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Feature: How Zambia conquered Ghana and Ivory Coast to win African Cup of Nations

Posted On Thursday, 22nd November 2012
The strength of the Zambian team is mutual respect, which is shared by their coach, who is happy to let their feet do (most of) the talking.

The strength of the Zambian team is mutual respect, which is shared by their coach, who is happy to let their feet do (most of) the talking.

After shooting down Bafana Bafana at Soccer City last week, Hervé Renard and Chris Katongo swaggered into a glum post-match press conference like a pair of action heroes.

Katongo, the Chipolopolo captain, a warrant officer in the Zambian army, is all testy bravado. His coiffured French coach is almost comically urbane.

But neither is inclined to “pass the bush”, to borrow Katongo’s version of the idiom. The Copper Bullets are the kings of Africa and they are keen to remind anyone who forgets this.

“If these so-called ‘big teams’ want to beat us at South Africa 2013, let them come and beat us,” barked Katongo. “Our team spirit is about togetherness. We direct each other and nobody is above any other player – that’s our theory in our team. If a young player comes in he will find me the same as him. And we have a great coach who is straightforward in everything he says.”

True, but Renard is also good at shutting up sometimes, thus allowing space for Katongo and others to lead. The coach is no martinet or pedantic tactician; he thinks more about dispositions than positions.

Earlier this week, Renard sat in the garden of the modest hotel in Milpark where the team was staying and remembered the moment when he realised – on the evidence of Katongo’s prickly self-belief – that his troops were capable of going all the way in Gabon.

Surprising people
“The day before the Ghana semifinal I recognised the spirit of the team,” said Renard. “Chris got a bit upset, because a journalist asked his name during a press conference. He told them: ‘Today you don’t know my name. Tomorrow you will know it.’

“When people are talking rubbish about us, they keep motivating us. We have a little bit more respect now, but not that much more. Honestly, we’re laughing about that. We want to keep on surprising people.

“The name of Zambia, winners of the 2012 Nations Cup, will last forever. And those who are talking us down today – we won’t remember them in 20 years.”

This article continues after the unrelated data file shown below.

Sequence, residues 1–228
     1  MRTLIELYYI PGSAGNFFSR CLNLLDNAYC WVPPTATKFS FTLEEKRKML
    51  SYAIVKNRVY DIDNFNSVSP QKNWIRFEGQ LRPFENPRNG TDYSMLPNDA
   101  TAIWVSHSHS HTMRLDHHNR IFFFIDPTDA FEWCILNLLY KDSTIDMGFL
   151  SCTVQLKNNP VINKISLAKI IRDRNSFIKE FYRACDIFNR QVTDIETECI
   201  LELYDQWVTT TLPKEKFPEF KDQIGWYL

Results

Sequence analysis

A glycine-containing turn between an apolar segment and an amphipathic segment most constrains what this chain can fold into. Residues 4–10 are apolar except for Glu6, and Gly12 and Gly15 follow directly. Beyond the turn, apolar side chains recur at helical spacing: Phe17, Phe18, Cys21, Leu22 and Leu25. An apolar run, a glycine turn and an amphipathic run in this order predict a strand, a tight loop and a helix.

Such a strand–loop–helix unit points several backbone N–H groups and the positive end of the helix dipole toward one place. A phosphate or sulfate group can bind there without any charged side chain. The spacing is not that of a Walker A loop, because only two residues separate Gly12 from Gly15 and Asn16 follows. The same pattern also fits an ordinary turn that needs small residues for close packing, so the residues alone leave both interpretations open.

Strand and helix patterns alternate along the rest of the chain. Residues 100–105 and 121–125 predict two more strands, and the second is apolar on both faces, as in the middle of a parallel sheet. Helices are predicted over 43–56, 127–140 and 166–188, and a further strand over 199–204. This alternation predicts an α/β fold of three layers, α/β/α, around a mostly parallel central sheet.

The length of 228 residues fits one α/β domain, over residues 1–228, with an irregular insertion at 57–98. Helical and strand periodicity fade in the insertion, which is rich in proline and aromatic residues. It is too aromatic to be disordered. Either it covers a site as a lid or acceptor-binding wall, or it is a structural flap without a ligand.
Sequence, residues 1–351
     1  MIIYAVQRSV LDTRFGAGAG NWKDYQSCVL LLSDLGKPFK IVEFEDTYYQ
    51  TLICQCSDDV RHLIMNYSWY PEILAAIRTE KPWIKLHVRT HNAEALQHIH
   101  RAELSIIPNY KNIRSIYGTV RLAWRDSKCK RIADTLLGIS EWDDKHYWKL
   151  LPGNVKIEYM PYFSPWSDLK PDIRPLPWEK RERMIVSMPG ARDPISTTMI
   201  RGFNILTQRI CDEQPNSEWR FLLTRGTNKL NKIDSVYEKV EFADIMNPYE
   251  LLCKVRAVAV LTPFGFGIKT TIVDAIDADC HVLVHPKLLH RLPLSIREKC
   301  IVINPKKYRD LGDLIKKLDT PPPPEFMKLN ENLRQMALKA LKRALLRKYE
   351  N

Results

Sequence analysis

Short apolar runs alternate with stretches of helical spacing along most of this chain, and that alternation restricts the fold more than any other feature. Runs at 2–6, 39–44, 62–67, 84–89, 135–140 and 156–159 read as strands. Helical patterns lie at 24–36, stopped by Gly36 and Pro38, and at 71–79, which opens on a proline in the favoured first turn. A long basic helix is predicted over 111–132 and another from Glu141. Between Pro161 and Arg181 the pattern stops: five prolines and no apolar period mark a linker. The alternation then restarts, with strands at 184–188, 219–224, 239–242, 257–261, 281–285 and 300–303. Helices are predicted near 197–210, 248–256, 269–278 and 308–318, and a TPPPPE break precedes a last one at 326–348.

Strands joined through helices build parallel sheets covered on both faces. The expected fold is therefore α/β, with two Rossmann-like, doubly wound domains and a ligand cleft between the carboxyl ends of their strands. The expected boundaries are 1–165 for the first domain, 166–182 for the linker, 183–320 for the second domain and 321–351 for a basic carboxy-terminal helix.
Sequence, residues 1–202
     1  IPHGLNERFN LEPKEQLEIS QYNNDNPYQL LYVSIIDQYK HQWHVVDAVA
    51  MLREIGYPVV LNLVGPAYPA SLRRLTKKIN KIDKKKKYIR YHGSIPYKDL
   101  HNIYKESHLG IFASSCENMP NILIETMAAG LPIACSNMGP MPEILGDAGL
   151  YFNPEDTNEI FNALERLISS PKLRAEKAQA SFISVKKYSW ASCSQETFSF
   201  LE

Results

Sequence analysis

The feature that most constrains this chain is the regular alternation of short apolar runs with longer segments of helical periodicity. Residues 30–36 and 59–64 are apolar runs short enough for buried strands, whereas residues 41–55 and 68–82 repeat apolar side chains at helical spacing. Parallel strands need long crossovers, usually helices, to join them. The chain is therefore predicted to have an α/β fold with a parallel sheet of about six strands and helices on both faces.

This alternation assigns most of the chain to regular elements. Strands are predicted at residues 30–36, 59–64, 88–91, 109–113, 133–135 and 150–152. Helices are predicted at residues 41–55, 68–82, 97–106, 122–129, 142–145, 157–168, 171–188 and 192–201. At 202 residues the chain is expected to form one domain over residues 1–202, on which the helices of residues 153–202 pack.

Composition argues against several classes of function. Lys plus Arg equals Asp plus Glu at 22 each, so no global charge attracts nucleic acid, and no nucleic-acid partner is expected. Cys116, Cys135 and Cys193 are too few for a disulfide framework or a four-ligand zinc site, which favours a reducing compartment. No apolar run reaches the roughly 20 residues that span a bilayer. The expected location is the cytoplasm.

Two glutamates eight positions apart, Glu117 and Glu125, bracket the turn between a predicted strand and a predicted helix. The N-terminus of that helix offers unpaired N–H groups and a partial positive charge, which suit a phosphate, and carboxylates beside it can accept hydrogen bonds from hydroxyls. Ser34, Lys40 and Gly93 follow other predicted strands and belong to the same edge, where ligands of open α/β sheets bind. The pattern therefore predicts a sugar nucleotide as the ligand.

It may take a bit more work to qualify as truly unforgettable. Aside from defending their African crown, Zambia must target a ticket to Brazil 2014 – and their World Cup dream inched a little closer when the African football governing body the CAF awarded them three points for their qualifier against Sudan, reversing a 2-0 loss because the Sudanese fielded a suspended player.

“It’s our year. Even when we lose we win,” said Renard.

They must trump Ghana yet again to top their group. It is tough but do-able – provided that TP Mazembe stars Stoppila Sunzu and Rainford Kalaba sustain their Cup form.

“Sunzu could play in the Premier Soccer League,” said Renard. “Maybe not for the big four, but for any of the other 16. The only problem is that TP Mazembe want a good deal for him. We are lucky to have him.

Indispensable talent

“And Kennedy Mweene – you know he could play somewhere else, but he’s very happy at Free State Stars because he’s comfortable there. They gave him what he wants. Life is to be enjoyed as well. Many African players are just more comfortable in Africa.”

A case in point was Kalaba, he said. “He can make the difference at any time, but he’s not easy to manage. Not because he behaves badly, but if he’s not feeling good he struggles and that’s the reason he failed in Europe. When you arrive there, you have nobody to help you; you have to make your way and fight for your position.

“But we can’t play without Kalaba, so we have to do everything to make him feel comfortable. We gave him something and he gave us a lot of things in return.”

Renard is also giving Kalaba a challenger in Power Dynamos playmaker Mukuka Mulenga. “He’s not tall, he has no legs, no muscles. But with the ball … ayayay! Such a talent.”

It’s arguable that Chipolopolo’s most indispensable talent wears a suit: Football Association of Zambia president Kalusha Bwalya.

Interference
“The difference Kalu has brought is not interfering,” said Renard. “And he’s the only one qualified to interfere – the best player in Zambian history; he was captain; he was coach. But he lets the coach work. A big problem in African football is interference. There are many countries with the same potential as Zambia, but we succeed because everybody is doing his job. You can’t achieve anything with three coaches in a year.”